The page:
formula

For the tendon length LT, we evaluated two simulation models: (i) a virtual tendon, where LT is equal to the Euclidean distance between and , and (ii) a physical tendon simulated using soft-body dynamics, where LT is the sum of the Euclidean distances between all soft bodies. The virtual tendon implementation suffered from two main problems. First, no collisions between the skeleton and the tendon were considered, resulting in erroneous force vectors for some configurations. Second, stiff actuators—actuators that are not equipped with the optional elastic element—can only be approximated using high spring constants. The physical tendon implementation can cope with these problems, but introduces new ones due to the high computational load and occasional simulation instabilities resulting from the collisions between the tendon and the skeleton. We therefore used the virtual tendon implementation and extended this model by using spherical pulleys to compensate for the lack of tendon-skeleton collisions. These pulleys approximate the effects of the tendon when it collides with parts of the skeleton, by introducing spherical wrapping surfaces for the tendons.

4.3 Sensor Modeling

As listed in Section 2.3, each actuator is equipped with four types of sensors for proprioception. These sensors were modeled for the Caliper simulator to provide the required sensory feedback for the development and testing of controllers (see Figure 6a and [62]).

Figure 6. 

Kite line length and tendon force control. (a) Example of the kite line length control mode during an elbow joint movement (in simulation). (b) Step-response example of the force control mode (on the physical robot), showing impressive control performance, with a rise time of 318 ms for a step from 2 to 40 N, and a steady state RMS deviation of 0.236 N at 40 N.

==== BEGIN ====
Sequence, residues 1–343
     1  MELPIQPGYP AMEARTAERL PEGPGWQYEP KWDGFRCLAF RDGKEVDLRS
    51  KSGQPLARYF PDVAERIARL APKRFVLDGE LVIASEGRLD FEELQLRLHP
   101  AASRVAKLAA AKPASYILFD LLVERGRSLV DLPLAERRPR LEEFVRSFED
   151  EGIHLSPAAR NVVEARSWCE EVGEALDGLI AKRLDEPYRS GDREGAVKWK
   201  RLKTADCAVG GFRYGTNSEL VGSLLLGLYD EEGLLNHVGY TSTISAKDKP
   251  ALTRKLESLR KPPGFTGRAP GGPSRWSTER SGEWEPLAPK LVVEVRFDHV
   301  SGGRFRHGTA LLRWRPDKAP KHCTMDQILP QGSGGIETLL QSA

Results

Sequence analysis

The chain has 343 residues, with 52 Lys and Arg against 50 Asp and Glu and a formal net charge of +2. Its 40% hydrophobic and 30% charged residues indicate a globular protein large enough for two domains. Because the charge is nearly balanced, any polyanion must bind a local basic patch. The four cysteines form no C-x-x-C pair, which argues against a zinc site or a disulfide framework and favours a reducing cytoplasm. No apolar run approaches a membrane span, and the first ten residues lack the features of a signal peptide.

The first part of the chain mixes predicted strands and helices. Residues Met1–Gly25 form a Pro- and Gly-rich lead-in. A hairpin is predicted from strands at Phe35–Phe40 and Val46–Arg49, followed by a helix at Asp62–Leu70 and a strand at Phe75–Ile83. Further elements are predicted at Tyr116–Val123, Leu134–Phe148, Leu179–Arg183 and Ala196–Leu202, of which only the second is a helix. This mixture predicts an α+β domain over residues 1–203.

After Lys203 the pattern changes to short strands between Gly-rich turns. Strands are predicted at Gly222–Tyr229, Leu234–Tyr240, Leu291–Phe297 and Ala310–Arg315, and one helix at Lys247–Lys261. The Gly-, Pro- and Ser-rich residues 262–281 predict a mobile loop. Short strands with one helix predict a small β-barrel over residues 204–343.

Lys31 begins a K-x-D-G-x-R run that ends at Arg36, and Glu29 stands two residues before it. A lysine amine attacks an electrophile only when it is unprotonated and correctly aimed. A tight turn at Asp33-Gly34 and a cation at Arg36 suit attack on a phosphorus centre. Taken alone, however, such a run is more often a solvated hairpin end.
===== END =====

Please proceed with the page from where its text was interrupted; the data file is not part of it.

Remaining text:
Figure 6. 

Kite line length and tendon force control. (a) Example of the kite line length control mode during an elbow joint movement (in simulation). (b) Step-response example of the force control mode (on the physical robot), showing impressive control performance, with a rise time of 318 ms for a step from 2 to 40 N, and a steady state RMS deviation of 0.236 N at 40 N.

The absolute potentiometers and incremental encoders were merged and modeled by a “perfect” potentiometer model. Provided there is an initial mapping between LK and the potentiometer value, the current potentiometer value SP in degrees is equal to
formula
where SP0 is the initial potentiometer position corresponding to the initial kite line length LK0. The force sensors were modeled by providing access to the tendon force F (see Equation 1), whereas the motor current i is extracted from the motor model (see Equation 3) to emulate the Hall-effect-based current sensors included in the motor loop circuits. In addition to these three proprioceptive sensor modalities, we also implemented sensors that are not part of the physical robots, such as joint angle sensors, to investigate their relevance for control.

4.4 Model Calibration